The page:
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The Retired Senate Historian Said the Health Care Law Breaks With a Century of Tradition

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The level of secrecy in crafting the Senate’s health care bill has not been seen since before World War I, according to esteemed Senate historian emeritus Donald Ritchie.

Ritchie, who worked in the Senate Historical Office for nearly four decades, told the Los Angeles Times that the upper chamber has not drafted such a major piece of legislation behind closed doors since a tariff reform effort during the presidency of Woodrow Wilson.

He added that Senate Democrats tried the move again during the Great Depression, but they were derailed when rank-and-file senators were unwilling to go along with the maneuver.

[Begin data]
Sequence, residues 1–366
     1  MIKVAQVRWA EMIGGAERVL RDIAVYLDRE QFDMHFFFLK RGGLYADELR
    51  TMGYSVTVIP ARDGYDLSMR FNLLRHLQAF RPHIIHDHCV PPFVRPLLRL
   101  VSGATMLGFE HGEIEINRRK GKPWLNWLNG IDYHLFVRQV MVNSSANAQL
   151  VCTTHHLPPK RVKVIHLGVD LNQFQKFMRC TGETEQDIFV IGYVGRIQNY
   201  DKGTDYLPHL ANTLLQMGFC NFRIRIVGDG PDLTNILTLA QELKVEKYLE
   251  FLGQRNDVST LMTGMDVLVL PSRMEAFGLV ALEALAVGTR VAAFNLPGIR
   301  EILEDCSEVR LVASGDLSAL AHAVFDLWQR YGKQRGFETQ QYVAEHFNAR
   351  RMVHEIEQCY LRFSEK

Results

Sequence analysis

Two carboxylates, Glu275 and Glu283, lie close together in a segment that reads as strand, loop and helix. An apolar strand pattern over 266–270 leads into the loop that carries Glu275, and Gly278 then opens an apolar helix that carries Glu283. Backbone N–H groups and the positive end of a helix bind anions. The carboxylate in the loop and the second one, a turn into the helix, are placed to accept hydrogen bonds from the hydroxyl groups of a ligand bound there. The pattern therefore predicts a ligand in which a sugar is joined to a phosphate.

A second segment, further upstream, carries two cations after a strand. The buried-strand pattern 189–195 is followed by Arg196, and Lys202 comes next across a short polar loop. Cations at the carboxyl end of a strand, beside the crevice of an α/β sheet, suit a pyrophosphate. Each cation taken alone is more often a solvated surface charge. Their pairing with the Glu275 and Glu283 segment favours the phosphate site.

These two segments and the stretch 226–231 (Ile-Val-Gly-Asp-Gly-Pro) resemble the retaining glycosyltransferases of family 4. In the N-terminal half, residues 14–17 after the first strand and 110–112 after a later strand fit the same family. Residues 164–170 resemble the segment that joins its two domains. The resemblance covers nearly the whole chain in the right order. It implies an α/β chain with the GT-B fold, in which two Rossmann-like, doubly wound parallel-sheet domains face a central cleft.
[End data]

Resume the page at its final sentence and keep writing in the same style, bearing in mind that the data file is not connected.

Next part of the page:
Senate Majority Leader Mitch McConnell has said there is nothing out of the ordinary about the way Republicans are working on the bill to repeal the Affordable Care Act. “Nobody’s hiding the ball here,” he said recently. “You’re free to ask anybody anything.”

Still, Senate Democrats and even some Republicans have said the current process is not transparent, especially compared with the nearly 15 months of debate that preceded passage of the Affordable Care Act.


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Write to Jack Brewster at jack.brewster@time.com